An engaged couple with a passion for mid-century modern design created a South Charlotte home that feels like stepping back in time. They gave the Agenda a peek inside the restored home, as well as tips about their favorite local shops and coolest DIY projects.
Who: Merideth Helgeson (41) and Chris Villasenor (46), and their dogs Goose, Duncan, and Cooper.
Jobs: She works in legal for Wells Fargo and he works for automotive company, Race Technologies.
Their story: Helgeson, who is from Texas, moved to Charlotte in 2010 and Villasenor, who is from Missouri and California, moved here in 2014—both coming to the city for their jobs. The pair had been living in NoDa, but were looking for a new spot to make their own. “We found this house and knew it was a perfect opportunity to renovate a mid-century modern home,” says Helgeson of the 1965 home. “We saw this as a fun project.”
The home: The 3,200-square-foot home had three bedrooms and two-and-a-half bathrooms when the couple purchased it in 2017. After taking it down to its studs in renovation projects, the house now has an open floor plan with four bedrooms and three full bathrooms. The extensive renovations inspired the couple to launch the home’s Instagram account, @midmaude (they call the “Mod” home “Maude”). “We knew we were going to take a million pictures of the renovation process, and wanted to share that with our friends and family—and to connect to the mid-century modern community,” says Helgeson.
Bright light: “It was the style of the time to have compartmentalized rooms,” says Helgeson, noting that the one-story home originally included a front formal living room and closed-off kitchen. During the renovation by Height Design + Build they removed many of its walls. “Now we get beautiful light from both directions. We also put two sets of sliding doors and a floor-to-ceiling window in the living room, which gives us light and a view into the backyard.”
Original idea: The home still has many of its original period features. “We saved as much as we could,” says Helgeson. That included items like the light fixtures above the fireplace. Often, when items needed replacing, they chose similar options. The West Elm glass globe lights in the master bedroom are replicas of the original plastic versions, and the color of the bathroom tile is the same shade as the shag carpet it replaced.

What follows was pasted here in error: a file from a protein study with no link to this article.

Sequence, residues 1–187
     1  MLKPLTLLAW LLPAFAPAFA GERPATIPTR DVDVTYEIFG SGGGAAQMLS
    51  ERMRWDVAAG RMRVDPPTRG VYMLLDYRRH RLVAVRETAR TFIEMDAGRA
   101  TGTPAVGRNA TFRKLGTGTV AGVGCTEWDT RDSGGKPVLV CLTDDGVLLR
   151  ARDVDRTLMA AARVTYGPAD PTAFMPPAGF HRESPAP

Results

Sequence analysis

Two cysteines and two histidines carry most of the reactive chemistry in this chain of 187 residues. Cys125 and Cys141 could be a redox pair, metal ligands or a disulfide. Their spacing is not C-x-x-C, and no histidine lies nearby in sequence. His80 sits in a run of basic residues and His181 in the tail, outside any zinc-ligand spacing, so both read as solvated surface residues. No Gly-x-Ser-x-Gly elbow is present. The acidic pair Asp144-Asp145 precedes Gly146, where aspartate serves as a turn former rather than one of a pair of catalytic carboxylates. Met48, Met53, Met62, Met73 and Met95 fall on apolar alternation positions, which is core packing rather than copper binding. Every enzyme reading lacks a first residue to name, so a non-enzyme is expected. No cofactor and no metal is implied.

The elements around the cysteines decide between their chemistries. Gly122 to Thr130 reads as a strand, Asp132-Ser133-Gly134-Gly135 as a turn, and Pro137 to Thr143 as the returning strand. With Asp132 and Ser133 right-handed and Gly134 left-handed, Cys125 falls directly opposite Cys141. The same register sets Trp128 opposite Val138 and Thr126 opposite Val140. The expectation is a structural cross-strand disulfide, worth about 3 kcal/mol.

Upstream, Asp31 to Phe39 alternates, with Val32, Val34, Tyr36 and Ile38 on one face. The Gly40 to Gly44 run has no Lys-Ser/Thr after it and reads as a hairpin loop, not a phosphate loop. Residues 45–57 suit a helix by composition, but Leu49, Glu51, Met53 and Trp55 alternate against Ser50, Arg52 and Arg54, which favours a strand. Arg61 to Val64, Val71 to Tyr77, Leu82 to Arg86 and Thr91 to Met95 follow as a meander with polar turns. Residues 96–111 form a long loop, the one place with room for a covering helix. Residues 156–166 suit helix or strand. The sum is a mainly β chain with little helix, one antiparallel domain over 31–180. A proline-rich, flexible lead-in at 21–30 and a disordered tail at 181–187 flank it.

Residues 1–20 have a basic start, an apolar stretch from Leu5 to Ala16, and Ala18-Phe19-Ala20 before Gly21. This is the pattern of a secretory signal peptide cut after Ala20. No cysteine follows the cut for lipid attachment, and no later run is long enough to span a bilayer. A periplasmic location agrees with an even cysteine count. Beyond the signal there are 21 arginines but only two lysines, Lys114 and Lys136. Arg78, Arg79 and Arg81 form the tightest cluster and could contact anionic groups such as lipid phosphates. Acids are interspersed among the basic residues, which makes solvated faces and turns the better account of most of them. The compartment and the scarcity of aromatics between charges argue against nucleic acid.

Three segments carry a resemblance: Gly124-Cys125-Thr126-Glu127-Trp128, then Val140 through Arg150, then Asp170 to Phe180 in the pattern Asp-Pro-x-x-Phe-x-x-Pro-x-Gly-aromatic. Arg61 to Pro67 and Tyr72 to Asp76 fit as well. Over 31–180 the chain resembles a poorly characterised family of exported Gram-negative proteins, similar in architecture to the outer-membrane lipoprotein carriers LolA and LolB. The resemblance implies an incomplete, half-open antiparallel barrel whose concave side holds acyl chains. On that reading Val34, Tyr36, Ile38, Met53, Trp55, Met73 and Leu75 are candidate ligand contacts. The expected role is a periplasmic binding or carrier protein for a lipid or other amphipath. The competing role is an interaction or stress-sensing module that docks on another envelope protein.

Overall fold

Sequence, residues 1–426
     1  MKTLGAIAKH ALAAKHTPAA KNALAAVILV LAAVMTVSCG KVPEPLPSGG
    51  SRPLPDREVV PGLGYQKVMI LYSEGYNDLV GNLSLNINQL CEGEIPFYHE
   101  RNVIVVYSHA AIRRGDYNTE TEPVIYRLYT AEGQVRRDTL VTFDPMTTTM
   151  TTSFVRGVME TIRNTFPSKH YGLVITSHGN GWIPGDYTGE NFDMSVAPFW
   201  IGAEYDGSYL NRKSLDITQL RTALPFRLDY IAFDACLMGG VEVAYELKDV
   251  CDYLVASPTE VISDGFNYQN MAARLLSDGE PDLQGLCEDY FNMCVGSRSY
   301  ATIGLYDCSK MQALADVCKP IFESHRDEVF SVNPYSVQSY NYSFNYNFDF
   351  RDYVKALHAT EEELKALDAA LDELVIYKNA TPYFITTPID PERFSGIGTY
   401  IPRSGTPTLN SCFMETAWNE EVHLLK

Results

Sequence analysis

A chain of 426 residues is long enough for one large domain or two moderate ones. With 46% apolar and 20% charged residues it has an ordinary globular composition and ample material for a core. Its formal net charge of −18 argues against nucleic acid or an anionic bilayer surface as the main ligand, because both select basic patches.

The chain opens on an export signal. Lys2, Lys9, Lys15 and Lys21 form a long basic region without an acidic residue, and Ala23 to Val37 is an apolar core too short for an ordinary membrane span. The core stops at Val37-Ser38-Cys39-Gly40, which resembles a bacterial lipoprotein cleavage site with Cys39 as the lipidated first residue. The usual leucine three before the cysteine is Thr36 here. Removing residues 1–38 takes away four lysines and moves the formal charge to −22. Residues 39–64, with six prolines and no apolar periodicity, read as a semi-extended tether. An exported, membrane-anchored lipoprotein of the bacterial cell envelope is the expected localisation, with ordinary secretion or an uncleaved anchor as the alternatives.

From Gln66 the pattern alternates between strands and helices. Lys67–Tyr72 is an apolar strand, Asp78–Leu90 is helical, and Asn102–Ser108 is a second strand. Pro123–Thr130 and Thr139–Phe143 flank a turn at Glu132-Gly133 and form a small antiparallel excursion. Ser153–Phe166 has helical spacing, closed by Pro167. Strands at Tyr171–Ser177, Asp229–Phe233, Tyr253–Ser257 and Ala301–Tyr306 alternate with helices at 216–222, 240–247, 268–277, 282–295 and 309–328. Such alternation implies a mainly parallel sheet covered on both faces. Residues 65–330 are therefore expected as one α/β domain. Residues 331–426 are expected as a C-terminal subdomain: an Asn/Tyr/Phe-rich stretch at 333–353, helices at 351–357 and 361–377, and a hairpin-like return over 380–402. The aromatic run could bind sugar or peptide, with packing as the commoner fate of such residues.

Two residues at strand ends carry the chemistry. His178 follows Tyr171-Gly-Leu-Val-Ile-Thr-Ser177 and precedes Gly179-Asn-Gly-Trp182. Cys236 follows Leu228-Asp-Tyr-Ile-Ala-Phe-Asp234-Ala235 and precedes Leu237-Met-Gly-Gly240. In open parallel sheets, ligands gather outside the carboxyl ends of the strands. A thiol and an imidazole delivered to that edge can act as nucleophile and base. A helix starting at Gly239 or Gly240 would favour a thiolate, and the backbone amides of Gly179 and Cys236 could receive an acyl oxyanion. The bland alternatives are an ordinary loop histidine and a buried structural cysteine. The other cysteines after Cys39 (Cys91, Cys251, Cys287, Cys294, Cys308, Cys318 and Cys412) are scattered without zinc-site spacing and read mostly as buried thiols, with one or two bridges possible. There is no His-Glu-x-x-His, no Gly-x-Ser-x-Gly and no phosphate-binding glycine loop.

Look up: In mid-century fashion, the home has deep, overhanging eaves. “We had to take the original material out because of rot and water damage, and as a replacement, we went with a stained wood,” says Helgeson. “You get peeks of it from different angles. I love the way it turned out.”
Shops and Inspiration
Paper project: While the original wallpaper couldn’t be salvaged entirely, the couple framed pieces of it and hung those in the renovated kitchen. “It’s a nod to what we had before in the house,” says Helgeson.
Top shop: Several pieces of furniture in the home came from Fos Restoration Co. in Huntersville. “They find vintage pieces and they do restoration on vintage pieces,” says Helgeson. The living room’s coffee table and credenza are from the shop, and the master bedroom’s bed and dresser were refinished by the store.
In the family: Two Joan Miró prints that were originally owned by Villasenor’s grandmother hang in the home’s dining room and living room. The couple found the dining room table set at an estate sale, but it reminds Helgeson of her own family. “It’s the same one that my grandparents had in their house when I was growing up,” she says.
Cool color: From the blue cement tiles in the bathroom to the bright orange front door, the home features splashes of the two colors. “I like blues and orange is my fiance’s signature color,” says Helgeson. “They ended up balancing out well. We love the way the color scheme turned out.”